TODAY: US disappointed with Russia’s stance on OSCE; Medvedev hopeful on Obama talks; Abkhazia’s President Bagapsh wary of Russian control; Russia suggests ruble reserve currency for G8; prognosis not good for Russia-EU meeting; gay rights parade broken up
Talks on replacing the START treaty will begin today, the Economist reports. President Medvedev is apparently optimistic that in his upcoming meeting with President Obama even thorny topics will be discussed. US defense missile sites in Eastern Europe, one such example, will apparently be on the agenda. Will OSCE monitoring also be? Washington is apparently frustrated with Russia’s veto of the security watchdog’s activity in Georgia. ‘It is disappointing and we hope that Russia will reverse its stance‘, says a State Department spokesman. An article in the New York Times reports that despite close links with Russia, Abkhazia will not fall under the Federation’s thumb and intends to ‘defend its statehood.’ The breakaway region will not be attending the international peace talks on Georgia. Ex-officials in South Ossetia say that corruption has been rife in the region since last year’s conflict and state aid been coopted by politicians.
President Medvedev is championing a ‘fairer’ financial system and suggests that the G8 take on the ruble as its reserve currency as well as creating a new global reserve currency. Little progress is being forecast for this week’s Russia-EU summit: ‘if we get out of Khabarovsk with minimal damage, even without any breakthrough, this would be enough’, says one EU diplomat. Following a meeting with President Berlusconi, Putin has said that Russia would like to enjoy the same kind of good relations with the EU. ‘Zero progress on the Northern Territories issue’ was made during Putin’s trip to Japan; the decades-long island dispute is analyzed here. Is ‘present-day Russia . . . a sort-of clone of the Soviet Union’ as its recent report on security threats would imply? asks the Other Russia.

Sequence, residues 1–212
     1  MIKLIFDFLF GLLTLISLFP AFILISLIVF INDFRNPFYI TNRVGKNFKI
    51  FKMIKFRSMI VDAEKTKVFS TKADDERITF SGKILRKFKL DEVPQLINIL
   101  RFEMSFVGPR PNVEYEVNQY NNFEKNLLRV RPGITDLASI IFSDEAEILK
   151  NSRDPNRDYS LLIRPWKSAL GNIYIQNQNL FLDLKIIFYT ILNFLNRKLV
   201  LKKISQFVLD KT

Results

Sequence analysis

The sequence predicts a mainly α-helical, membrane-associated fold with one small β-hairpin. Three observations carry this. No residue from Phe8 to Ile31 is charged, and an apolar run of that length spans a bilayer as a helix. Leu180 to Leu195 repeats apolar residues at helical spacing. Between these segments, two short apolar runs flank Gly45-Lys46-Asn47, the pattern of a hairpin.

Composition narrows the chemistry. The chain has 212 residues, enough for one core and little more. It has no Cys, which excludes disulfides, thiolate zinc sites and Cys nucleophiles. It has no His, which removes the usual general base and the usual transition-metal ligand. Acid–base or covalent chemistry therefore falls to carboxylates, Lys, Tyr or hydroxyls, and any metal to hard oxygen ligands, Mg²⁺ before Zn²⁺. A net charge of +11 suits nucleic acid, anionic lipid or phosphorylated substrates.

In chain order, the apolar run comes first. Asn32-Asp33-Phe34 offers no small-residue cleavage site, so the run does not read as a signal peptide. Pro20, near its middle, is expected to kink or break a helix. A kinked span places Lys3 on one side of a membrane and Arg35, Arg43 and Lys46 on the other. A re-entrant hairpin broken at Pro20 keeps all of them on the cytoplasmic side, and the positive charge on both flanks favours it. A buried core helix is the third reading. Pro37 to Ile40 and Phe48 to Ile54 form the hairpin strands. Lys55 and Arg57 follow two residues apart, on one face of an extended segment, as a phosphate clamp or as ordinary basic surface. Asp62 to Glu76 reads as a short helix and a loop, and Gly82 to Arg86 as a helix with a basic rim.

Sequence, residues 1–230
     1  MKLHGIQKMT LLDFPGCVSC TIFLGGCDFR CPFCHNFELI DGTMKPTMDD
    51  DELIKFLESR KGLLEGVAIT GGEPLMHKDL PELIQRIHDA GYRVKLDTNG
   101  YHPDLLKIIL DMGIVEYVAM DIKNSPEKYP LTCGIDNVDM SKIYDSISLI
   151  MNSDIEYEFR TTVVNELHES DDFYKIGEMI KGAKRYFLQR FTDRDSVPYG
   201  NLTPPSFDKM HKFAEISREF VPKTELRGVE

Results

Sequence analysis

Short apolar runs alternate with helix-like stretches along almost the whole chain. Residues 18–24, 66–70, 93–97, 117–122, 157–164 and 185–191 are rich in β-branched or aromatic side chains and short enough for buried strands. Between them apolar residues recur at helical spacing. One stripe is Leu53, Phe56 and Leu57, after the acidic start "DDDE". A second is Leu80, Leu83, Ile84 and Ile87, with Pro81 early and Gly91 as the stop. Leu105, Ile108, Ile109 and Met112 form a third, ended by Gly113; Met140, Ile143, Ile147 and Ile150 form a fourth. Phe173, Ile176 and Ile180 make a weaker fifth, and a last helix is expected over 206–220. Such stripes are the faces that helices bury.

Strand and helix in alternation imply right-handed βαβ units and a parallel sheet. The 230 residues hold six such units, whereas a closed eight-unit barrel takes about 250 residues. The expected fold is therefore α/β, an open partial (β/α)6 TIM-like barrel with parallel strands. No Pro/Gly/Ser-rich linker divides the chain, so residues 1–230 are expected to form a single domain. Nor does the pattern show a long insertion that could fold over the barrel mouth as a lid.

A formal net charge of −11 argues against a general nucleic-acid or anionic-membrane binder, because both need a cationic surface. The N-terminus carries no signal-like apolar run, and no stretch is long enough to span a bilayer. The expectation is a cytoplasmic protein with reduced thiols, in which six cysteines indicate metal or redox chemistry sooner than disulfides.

Patriarch Kirill, ‘arguably one of the most influential men in Russia,’ reportedly on a par with Pope John Paul II in terms of scope of vision, is the subject of an op-ed piece in the Moscow Times. The financial crisis is doing little to inspire Russian citizens to have more children, whilst population decline in itself threatens the stability of Russia’s workforce. The gay rights demonstration to coincide with the end of Eurovision was broken up by police and certain activists, including veteran British campaigner Peter Tatchell, were arrested. Moscow’s Eurovision was the most expensive ever, costing $42 million.
PHOTO:Prime Minister Vladimir Putin shows off his new car, a locally-producedNiva SUV, produced by Russia’s biggest car maker Avtovaz, as part ofhis bid to support domestic car makers in the face of a severefinancial crisis. (AP Photo/RIA-Novosti, Alexei Nikolsky, Pool)